Massive Darkness 2 is a co-op dungeon crawler for 1 to 6 players. Players pick from different classes of ‘Lightbringers’ that head into hell to defeat the various demons threatening humanity. Starting at level one, and barely equipped for the job, players will find more gear, learn new skills and slowly become more powerful against the waves of enemies spawning against them. As they battle through the hordes, they accomplish objectives ranging from stopping monsters, opening gates, and killing bosses.
From the beginning, there is a lot in the box, and a lot of content to sort through. The box is massive, with three trays of different units, hundreds of cards, different skill boards, play dashboards, enemy cards, and different levels of weapons and skills. There is just a lot here. Jumping into it is a little intimidating, as there is so much stuff to sort through.
Even when you figure out what goes where, the setup of any map takes at least a half an hour from cracking the box open before anyone is ready to play. This is one of the negatives of the experience, because as fun as the game is, the cleanup and especially the setup takes a lot of time. To illustrate an example of what needs to be tracked the gear comes in multiple levels, ‘starting’, ‘common’, ‘rare’, and ‘epic’, but there are also monster weapons you can use, which come in three equivalent levels as well. So just for the gear, you are going to be looking at seven piles of cards.
Massive Darkness 2 has a lot going on, as the creators of the game sought to bring the computer dungeon crawler experience to the tabletop. Managing things such as damage ranges, experience, random loot, and class skills results in quite a bit to try to have players track, short of making them manage their own Excel spreadsheets. However, this game cleverly organizes a lot of this information into cards players keep track of and the player dashboards, which are well designed.
The dashboards are familiar to those who have played some other CMON games like ‘Zombicide,’ which uses pegs to track level and experience, while having designated slots for equipment like hands, armor, helmet and so on. The brown of the dashboards is an off-putting color, but they work very well overall. There is an inlaid depression to hold the cards and a raised edge to easily take the cards back out. These are nice small touches as well as an easy way to track relevant stats.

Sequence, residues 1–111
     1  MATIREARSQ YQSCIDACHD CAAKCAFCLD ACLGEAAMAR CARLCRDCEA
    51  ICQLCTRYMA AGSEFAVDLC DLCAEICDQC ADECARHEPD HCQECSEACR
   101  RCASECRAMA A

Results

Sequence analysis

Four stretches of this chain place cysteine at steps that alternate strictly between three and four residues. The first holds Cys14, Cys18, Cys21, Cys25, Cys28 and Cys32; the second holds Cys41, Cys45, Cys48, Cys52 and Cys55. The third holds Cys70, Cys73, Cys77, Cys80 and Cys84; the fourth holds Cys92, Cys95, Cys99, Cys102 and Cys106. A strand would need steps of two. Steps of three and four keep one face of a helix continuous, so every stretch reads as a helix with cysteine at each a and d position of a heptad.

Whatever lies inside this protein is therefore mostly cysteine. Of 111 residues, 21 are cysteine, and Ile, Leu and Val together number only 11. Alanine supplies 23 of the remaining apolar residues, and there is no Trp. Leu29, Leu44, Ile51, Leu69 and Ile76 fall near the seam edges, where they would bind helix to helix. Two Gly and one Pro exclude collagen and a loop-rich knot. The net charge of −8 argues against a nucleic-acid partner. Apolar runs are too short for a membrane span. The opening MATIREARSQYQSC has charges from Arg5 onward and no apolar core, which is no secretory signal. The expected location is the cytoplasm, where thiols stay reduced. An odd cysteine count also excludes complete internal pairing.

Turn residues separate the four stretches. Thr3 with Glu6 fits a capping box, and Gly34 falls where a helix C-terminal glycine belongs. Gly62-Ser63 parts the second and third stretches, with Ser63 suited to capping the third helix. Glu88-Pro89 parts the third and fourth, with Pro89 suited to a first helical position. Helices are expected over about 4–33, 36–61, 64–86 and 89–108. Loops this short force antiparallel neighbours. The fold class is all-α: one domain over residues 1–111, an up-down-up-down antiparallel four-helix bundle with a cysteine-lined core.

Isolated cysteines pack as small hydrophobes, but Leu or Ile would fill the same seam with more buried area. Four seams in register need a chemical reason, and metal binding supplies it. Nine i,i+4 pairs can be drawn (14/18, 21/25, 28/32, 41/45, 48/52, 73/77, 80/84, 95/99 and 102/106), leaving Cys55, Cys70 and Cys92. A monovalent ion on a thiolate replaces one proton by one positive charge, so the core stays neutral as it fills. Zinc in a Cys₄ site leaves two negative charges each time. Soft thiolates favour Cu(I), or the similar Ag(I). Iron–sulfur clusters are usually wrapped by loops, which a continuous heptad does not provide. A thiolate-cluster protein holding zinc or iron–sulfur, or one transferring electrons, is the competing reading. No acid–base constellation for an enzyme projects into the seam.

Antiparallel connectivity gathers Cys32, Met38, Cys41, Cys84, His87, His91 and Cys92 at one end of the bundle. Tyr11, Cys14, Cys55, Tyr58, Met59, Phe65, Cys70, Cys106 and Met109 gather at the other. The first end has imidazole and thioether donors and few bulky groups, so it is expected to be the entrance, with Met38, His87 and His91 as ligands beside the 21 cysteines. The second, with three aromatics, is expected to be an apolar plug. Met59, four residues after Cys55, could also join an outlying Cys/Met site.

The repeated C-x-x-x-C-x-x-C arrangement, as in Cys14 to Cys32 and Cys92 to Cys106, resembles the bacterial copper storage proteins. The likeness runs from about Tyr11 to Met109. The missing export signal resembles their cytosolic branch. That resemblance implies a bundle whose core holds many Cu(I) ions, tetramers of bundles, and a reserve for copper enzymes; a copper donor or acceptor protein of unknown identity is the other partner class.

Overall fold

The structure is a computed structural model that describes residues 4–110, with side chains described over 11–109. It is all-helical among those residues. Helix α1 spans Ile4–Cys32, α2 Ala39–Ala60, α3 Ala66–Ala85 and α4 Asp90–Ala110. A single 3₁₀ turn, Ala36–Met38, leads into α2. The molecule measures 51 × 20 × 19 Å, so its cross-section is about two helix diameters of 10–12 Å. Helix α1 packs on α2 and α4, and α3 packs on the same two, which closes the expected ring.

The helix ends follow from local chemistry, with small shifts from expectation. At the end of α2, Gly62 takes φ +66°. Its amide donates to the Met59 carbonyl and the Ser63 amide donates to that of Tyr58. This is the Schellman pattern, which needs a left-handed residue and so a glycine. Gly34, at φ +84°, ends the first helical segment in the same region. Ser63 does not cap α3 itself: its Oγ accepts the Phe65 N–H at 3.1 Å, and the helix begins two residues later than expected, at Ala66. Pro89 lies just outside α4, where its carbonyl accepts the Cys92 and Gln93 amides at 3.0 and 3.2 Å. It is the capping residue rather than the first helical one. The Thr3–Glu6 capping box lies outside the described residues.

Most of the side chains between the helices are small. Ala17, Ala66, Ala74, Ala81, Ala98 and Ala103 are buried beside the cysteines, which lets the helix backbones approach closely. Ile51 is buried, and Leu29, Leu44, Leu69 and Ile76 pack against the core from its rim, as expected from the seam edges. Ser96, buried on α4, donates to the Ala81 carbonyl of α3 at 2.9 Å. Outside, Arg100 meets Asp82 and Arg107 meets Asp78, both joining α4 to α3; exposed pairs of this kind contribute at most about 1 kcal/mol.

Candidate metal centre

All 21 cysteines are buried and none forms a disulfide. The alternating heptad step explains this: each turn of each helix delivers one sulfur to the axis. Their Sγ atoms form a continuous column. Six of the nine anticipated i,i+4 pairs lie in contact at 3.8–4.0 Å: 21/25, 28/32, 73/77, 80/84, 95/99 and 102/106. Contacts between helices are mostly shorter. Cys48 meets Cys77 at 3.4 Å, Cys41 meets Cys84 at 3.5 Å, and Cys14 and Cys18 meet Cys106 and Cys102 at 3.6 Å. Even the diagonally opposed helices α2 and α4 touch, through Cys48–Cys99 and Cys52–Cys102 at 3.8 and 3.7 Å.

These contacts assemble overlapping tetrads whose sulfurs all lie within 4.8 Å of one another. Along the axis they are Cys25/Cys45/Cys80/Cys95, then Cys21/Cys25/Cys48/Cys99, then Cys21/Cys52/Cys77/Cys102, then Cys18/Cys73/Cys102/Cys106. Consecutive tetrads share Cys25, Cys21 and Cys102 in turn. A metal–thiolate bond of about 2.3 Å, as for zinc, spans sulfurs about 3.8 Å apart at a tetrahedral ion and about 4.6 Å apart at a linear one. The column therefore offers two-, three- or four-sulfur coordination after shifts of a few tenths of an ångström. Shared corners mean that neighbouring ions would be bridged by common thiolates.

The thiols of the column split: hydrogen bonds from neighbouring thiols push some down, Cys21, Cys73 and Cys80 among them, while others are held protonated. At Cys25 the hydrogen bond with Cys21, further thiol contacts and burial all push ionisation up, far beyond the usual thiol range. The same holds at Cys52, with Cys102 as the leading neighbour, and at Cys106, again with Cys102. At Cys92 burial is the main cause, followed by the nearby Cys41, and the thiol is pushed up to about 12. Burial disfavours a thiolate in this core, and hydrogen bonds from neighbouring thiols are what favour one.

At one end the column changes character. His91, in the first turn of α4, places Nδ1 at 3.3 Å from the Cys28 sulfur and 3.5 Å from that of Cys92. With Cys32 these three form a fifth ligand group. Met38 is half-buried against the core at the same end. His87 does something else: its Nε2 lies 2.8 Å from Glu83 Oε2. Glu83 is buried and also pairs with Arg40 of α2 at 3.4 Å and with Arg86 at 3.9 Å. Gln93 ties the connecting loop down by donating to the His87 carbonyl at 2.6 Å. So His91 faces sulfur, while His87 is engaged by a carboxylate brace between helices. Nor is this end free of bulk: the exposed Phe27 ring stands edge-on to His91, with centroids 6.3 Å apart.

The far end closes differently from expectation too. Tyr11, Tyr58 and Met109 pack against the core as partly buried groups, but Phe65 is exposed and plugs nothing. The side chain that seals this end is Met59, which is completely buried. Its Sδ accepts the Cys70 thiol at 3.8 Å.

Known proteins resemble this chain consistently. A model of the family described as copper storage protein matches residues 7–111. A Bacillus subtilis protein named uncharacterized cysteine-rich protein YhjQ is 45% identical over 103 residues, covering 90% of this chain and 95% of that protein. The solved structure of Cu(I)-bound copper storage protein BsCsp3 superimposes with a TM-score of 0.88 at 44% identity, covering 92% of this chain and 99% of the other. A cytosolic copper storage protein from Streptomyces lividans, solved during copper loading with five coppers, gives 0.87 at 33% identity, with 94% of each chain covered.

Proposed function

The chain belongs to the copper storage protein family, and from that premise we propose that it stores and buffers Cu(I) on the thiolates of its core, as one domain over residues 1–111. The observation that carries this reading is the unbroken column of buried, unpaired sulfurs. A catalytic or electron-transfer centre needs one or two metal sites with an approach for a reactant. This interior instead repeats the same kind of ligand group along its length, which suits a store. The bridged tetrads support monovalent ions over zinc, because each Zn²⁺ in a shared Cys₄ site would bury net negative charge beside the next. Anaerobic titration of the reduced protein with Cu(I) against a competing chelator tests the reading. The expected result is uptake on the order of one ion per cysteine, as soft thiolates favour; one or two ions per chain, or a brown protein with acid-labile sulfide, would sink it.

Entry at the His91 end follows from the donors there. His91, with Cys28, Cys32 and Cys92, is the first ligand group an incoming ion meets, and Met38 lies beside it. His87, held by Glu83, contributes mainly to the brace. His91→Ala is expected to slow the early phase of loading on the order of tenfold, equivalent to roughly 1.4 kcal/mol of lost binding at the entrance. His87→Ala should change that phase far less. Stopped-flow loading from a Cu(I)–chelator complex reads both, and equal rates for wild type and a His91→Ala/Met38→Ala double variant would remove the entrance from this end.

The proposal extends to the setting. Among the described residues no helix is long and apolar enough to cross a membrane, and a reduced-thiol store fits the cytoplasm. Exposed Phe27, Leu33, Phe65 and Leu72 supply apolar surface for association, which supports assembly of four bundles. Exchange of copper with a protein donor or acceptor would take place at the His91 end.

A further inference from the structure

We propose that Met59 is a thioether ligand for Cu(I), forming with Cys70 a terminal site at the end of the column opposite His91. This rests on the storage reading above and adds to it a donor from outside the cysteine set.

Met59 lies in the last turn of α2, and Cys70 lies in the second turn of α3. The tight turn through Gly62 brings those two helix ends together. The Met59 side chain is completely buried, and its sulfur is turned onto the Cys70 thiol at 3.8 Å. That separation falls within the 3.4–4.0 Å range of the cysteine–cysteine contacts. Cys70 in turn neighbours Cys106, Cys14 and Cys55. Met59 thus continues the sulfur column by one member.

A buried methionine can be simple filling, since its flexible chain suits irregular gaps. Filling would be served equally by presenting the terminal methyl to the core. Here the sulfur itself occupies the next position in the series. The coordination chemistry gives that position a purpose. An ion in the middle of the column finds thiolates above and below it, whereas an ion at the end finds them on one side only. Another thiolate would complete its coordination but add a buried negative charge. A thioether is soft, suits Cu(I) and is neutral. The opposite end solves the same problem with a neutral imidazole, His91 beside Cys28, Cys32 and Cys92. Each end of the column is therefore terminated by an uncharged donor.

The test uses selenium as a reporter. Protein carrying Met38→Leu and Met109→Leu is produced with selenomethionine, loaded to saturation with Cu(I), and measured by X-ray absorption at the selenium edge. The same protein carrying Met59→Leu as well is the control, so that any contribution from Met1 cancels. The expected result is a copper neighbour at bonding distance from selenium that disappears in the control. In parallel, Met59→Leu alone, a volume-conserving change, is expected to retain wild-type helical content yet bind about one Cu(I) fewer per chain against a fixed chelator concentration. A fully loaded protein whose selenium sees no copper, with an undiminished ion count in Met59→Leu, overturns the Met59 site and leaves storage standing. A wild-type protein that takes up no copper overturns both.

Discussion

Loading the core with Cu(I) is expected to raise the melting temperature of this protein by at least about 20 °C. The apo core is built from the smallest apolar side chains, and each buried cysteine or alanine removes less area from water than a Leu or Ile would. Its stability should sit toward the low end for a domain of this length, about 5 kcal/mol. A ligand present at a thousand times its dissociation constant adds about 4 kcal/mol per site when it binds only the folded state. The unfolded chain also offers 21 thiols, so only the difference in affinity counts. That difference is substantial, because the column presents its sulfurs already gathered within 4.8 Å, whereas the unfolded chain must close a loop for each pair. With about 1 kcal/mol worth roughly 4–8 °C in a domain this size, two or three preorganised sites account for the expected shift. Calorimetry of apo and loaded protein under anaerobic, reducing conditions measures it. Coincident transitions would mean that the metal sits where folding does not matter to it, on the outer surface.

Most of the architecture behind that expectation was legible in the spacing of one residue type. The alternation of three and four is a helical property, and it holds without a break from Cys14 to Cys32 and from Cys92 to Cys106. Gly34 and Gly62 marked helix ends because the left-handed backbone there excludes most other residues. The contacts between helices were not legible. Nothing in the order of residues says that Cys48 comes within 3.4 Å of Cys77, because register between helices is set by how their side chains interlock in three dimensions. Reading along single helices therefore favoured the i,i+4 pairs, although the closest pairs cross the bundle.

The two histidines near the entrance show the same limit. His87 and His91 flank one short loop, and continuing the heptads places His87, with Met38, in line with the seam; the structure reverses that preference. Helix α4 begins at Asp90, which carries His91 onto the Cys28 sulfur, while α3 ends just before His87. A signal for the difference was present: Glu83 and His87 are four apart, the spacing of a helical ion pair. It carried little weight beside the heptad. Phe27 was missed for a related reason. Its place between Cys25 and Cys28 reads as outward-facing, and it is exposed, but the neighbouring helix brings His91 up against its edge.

After setting up the map and giving everyone their character, the game begins. Once the basic rules are understood, the process is pretty easy. Players get three actions, these are your typical move, attack, interact; after which the monsters go with two actions. This turn structure rotates around with the occasional spawning of new monsters. Generally progress is slow, players fight against hordes of enemies until they get better gear and skills and then can use them to accomplish their goals.
The game keeps things fresh even on the same map through the way random stuff is spawned. When a character goes into a new room, a deck of ‘door’ cards appears that can do anything from spawning additional monsters, turning it into a treasure room, or adding traps. When monsters are spawned, they are drawn from a random deck. Additionally, monsters are also given a random monster weapon, which changes their attack pattern.
Players fight by assembling a dice pool based on their gear, any abilities, any monster abilities and some monster dice that represent counter attacks. These dice track how much damage is done, how much defense happens, and how many auto-hits from the monster applies. Characters often have a few rerolls to mitigate a truly bad dice roll. Once all the damage is done, hits are applied, and monsters are slain, the players are gifted with valuable experience and gear.